Congressman Gary Peters today introduced the American Job Creation and Investment Act, a bill he authored to provide business tax relief estimated to create hundreds of thousands of new jobs. Peters was joined in introducing the bill with cosponsors John Larson (D-CT), David Reichert (R-WA) and Patrick Tiberi (R-OH). The legislation would allow companies to use existing Alternative Minimum Tax credits they now hold but otherwise must save for future years to be used this year for job creation, retention or capital investments.
Rep. Peters' bill is estimated to directly create over 65,000 new jobs and help businesses retain an additional 170,000 jobs in 2010 and 2011, plus spur $40 billion in additional job creating investment. A wide array of companies and industry associations endorse the bill, including the U.S. Chamber of Commerce, the National Association of Manufacturers, Motor and Equipment Manufacturers Association, Association for Manufacturing Technology, Associated Builders and Contractors Association, Delta/Northwest Airlines, General Motors, CMS Energy, Bosch and many more.
"This is an incredibly efficient and common sense way to spur job creation," said Congressman Gary Peters. "Companies are sitting on these tax credits but under current law cannot use them until future years. This bill will allow them to use the tax credits they've accrued to create jobs now when we need them most."
"Businesses across my district -- and the entire country -- continue to struggle just to keep their doors open," Rep. Reichert said. "The last thing we need to do is make it more difficult for them to retain workers or invest in their businesses. Our proposal is a common-sense approach that will use the tax code to provide another source of capital that businesses can use to produce more goods and services while retaining and creating new jobs."
Congressman John B. Larson (CT-01), Chairman of the Democratic Caucus, said, "This bill will make it easier for companies around the country to speed up hiring and put more Americans back to work. Businesses are the engine of job creation in this country. When we make it easier for them to hire and invest in their business, we are helping to revitalize our economy for the long term. This bill will help every sector of our economy including, manufacturers, energy companies, auto companies and high tech. I commend my colleague Gary Peters, a member of the Democratic Caucus Jobs Task Force, for his creative bi-partisan approach to finding solutions to the unemployment crisis."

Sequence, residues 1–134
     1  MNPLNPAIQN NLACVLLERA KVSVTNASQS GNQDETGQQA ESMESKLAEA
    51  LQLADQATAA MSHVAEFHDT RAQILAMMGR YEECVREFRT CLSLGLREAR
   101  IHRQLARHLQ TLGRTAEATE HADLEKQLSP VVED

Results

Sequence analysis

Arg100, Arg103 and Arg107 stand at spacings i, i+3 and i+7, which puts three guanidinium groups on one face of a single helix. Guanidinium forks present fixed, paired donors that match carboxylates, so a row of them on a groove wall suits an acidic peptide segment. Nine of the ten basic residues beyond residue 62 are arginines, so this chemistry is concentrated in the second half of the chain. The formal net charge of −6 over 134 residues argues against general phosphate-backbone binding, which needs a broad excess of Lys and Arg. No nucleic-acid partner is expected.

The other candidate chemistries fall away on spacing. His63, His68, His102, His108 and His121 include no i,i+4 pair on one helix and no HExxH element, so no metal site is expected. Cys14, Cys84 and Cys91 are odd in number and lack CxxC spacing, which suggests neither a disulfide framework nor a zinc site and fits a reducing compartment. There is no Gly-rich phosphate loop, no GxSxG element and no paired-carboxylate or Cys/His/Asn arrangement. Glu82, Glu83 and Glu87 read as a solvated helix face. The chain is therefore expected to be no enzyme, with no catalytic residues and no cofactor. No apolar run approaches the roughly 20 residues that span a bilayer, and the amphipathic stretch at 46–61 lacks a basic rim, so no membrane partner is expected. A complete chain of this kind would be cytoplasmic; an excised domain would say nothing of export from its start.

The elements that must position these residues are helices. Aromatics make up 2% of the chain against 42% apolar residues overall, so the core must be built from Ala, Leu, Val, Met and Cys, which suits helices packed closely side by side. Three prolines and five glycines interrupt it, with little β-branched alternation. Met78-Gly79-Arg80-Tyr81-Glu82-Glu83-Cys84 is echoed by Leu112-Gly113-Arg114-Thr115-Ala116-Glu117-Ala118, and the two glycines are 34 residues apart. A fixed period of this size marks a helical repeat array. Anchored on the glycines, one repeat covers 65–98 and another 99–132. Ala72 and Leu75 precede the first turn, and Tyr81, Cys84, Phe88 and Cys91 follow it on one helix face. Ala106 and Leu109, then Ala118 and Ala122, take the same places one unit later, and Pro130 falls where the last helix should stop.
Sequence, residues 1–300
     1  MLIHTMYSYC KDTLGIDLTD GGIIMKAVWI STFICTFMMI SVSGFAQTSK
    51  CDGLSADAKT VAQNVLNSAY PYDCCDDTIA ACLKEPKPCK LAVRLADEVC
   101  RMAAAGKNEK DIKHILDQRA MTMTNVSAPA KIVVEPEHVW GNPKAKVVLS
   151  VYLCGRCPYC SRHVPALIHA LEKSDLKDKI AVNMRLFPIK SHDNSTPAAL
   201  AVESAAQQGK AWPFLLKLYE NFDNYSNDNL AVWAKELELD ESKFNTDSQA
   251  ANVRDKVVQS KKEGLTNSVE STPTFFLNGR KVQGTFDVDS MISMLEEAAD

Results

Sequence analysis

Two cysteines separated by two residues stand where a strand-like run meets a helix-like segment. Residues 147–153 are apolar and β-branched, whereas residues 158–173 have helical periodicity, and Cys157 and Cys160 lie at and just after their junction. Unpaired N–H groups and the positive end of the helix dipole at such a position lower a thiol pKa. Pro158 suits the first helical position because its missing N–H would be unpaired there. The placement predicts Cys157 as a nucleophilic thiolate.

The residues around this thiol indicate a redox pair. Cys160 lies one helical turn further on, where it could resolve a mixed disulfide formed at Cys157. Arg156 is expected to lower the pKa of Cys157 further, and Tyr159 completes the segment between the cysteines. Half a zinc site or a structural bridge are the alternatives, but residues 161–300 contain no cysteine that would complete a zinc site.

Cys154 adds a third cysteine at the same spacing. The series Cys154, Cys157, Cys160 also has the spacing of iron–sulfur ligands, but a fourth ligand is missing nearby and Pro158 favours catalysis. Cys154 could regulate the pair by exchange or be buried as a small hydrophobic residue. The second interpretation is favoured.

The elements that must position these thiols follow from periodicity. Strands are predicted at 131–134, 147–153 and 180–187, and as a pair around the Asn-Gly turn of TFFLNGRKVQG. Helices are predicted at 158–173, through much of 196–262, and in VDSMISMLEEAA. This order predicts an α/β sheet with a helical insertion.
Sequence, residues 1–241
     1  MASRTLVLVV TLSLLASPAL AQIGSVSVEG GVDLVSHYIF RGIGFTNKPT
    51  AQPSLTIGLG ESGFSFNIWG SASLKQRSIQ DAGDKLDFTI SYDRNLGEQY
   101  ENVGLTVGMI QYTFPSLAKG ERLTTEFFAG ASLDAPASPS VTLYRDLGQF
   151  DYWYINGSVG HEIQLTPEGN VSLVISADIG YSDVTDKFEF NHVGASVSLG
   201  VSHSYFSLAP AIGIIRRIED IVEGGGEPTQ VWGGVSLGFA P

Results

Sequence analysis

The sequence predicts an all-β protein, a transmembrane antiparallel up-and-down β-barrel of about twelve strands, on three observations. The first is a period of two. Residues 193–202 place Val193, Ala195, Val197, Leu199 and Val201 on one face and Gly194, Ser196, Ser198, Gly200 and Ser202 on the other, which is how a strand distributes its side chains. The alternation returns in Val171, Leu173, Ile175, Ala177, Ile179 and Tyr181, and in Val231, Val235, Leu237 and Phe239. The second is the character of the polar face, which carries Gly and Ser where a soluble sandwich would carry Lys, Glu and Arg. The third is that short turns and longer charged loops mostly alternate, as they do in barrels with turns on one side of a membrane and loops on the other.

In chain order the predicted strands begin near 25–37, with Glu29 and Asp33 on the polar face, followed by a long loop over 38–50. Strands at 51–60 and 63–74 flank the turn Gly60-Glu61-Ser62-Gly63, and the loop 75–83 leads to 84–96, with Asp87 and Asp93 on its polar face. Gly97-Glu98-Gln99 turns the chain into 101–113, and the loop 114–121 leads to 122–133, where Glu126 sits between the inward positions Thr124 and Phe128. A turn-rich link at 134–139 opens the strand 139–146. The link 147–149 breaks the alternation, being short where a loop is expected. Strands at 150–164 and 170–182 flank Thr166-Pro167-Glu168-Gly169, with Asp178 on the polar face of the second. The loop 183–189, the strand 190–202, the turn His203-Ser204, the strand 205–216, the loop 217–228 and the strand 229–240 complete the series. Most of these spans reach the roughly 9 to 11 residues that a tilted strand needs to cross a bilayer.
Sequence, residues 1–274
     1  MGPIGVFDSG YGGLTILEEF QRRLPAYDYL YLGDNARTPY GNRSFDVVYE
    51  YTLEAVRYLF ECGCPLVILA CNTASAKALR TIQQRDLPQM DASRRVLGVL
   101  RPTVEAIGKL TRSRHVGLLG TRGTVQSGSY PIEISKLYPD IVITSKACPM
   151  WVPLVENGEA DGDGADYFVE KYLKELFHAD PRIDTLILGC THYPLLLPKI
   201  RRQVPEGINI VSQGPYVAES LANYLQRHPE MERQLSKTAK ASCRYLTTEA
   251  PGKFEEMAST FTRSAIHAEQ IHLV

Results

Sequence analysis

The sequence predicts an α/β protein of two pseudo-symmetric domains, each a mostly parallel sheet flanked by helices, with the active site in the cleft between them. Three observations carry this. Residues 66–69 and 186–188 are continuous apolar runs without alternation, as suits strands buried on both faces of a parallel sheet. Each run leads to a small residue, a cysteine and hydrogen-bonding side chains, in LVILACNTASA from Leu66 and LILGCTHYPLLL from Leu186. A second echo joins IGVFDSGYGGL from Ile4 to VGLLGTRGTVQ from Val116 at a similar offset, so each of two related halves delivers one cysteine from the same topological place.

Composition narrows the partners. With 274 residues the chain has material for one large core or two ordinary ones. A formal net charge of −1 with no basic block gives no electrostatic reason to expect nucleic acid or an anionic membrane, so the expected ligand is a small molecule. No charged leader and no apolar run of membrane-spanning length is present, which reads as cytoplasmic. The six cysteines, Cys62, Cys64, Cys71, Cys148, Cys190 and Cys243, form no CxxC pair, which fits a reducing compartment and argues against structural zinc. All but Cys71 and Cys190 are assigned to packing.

"This bill would give employers tools they need to create jobs," said Congressman Tiberi, Ranking Member of the Ways & Means Subcommittee on Select Revenue. "This is another policy we can put in place that allows businesses to expand and creates long-term growth and permanent job creation."
Congressman Peters has been working on this issue with Senator Debbie Stabenow, who introduced similar bipartisan legislation in the Senate with Senator Orin Hatch (R-UT). The Stabenow/Hatch legislation was included as part of the Senate jobs bill (H.R. 4213, the American Workers, State, and Business Relief Act) that passed on March 10. Congressman Peters is now leading the effort to get the legislation passed in the House on its own or as part of a larger jobs package, authoring the bill and securing the cosponsorship of influential leaders in both parties.